Hiking The Pacific Crest Trail: Day 24

Beautiful Sunset near the town of Wrightwood

Unforeseen stop. There will be a separate post on food situation but for this post I wanted to give a little bit of background on our food resupply strategy. Some hikers chose to resupply by going into grocery stores that are located in nearby towns that we pass on the trail (which could vary from as small as a gas station, to huge supermarkets). The towns could be anywhere from a walking distance to having to hitchhike several miles away from the trail.

Dash is sorting through one of our earlier picked up packages

Others choose to mail themselves packages with food (a lot of thought, organization and preparation goes into this type of resupply as you have to think about what you will eat for breakfast, lunch and dinner for the 5 +/- months that you are on the trail). This way you don’t have to waste time by figuring out town logistics, rely on sometimes non-hiker food friendly convenience stores and pay double the price for food in expensive towns. We decided to mainly rely on mailed packages with food and sometimes resupply in towns if we know there will be a good & affordable resupply options.

This is what 7 Days worth of food looks like on the trail. Keep in mind, the food in those boxes is super compressed and fairly heavy

We have picked up our 7 day resupply package (meaning it has 7 days worth of food until our next resupply location) and did not plan to go into any towns for the next 7 days. For the first 2 weeks on the trail we have been averaging 15 miles per day, gradually building up our strength. On the 3rd week we felt like we were ready to bump up our mileage to 17-19 miles per day. My legs felt stronger and I was excited. Little did we know that upon picking up 7 days worth of food (weighting around 14lb per person) we would not have any water for the next 27 miles. That meant that we would have to carry over a day worth of drinking water and account for any meals that require water for preparation. Several of our hiker friends opted out for dry meals – aka snacks, in order to decrease amount of water they need to carry for the 27 mile stretch. So…on top of our 17lb base weight (that’s weight of our packs without any food & water), plus 14lb of food, we carried 12lb of water each. That’s a 43lb backpack – freaking heavy. On top of THAT, little did we know that in those 27 miles we would have to gain over 6,800 in elevation, which meant walking up, and up, and up, all day long. I have never seen my feet swell so much. It looked like my pinkie toe was getting ready to birth itself from the narrow side of my shoe. Every single one of my squished toes had a blister. My ankles became cankles.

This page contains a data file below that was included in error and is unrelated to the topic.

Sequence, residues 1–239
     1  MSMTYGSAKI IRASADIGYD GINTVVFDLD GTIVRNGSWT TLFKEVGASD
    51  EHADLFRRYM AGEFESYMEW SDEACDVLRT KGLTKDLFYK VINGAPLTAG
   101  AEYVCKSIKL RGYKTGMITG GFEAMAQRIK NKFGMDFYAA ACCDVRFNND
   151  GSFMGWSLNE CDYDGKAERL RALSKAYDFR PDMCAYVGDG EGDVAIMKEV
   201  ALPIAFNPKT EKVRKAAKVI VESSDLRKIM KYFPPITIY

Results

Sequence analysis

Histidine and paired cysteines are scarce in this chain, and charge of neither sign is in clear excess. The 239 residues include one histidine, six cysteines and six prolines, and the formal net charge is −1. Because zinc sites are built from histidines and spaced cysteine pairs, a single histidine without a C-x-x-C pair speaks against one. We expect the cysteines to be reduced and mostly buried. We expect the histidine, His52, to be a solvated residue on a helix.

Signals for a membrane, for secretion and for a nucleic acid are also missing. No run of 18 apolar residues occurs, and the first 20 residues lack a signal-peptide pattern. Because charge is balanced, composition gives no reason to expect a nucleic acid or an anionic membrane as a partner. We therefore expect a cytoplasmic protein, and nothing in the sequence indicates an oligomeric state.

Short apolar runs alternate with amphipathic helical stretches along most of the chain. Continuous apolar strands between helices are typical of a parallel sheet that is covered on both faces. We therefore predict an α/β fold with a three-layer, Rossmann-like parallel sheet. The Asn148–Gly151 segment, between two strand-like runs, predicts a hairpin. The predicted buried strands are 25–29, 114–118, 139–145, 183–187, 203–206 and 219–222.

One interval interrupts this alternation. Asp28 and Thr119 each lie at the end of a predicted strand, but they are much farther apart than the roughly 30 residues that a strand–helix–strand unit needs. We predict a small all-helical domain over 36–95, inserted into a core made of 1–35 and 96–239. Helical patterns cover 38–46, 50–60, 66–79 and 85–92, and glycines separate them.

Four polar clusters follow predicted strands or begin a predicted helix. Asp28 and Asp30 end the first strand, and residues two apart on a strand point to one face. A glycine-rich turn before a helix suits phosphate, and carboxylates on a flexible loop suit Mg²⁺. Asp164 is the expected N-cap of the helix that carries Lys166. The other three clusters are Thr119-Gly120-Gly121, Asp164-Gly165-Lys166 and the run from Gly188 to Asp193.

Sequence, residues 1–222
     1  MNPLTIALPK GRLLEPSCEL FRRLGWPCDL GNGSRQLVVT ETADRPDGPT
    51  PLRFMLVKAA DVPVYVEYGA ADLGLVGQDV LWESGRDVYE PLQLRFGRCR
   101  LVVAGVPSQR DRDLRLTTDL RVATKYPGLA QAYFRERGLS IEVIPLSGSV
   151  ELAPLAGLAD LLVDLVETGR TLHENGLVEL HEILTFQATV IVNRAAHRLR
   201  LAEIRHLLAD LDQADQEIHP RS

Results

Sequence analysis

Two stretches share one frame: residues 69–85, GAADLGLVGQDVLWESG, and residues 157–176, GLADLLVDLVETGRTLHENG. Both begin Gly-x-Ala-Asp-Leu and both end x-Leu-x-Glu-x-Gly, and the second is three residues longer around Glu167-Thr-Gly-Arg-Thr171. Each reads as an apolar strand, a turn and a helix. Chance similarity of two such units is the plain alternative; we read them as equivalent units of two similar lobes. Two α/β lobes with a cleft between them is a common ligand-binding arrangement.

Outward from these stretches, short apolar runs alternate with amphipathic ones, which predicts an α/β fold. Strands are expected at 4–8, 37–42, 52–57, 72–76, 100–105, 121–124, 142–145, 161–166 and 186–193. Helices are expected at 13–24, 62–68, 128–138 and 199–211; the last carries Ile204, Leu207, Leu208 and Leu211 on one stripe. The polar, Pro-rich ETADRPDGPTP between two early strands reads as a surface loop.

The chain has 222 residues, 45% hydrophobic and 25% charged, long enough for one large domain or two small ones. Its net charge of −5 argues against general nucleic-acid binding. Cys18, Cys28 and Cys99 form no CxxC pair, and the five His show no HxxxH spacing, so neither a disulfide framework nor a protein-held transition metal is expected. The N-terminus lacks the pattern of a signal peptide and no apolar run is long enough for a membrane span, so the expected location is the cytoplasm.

Needles to say the first chance I got service on top of some hill, I was on the phone with REI ordering & expedite shipping a new pair of shoes into nearest town – Wrightwood. I remember still walking in my old shoes, trying to descend down into the town, every step felt like a torture…

Enjoying a delicious home made meal

A bunch of our friends were going to take a day zero in Wrightwood and had reserved a cabin. They had space for 2 more and we were able to join. In our group we had another couple from Canada, JeSlan (Georgio) and Liz (Dirt Squirrel). “6” and Matthew (Chilly Cheese Dog). Upon arriving to the cabin, Liz and I immediately made a dinner grocery list and ended up with a vegetable & shrimp stir fry fajitas. We made so much food that we had enough left overs to feed everyone for breakfast the next morning. It was so relaxing to be in a little cozy cabin, next to a fire, telling stories and laughing with our little hiker family.

Next day I went over to the post office and picked up my new shoes that came in 10.5 men’s size (gotta love my Cinderella feet hehe) and the clown version of Altra Lone Peak’s trail runners!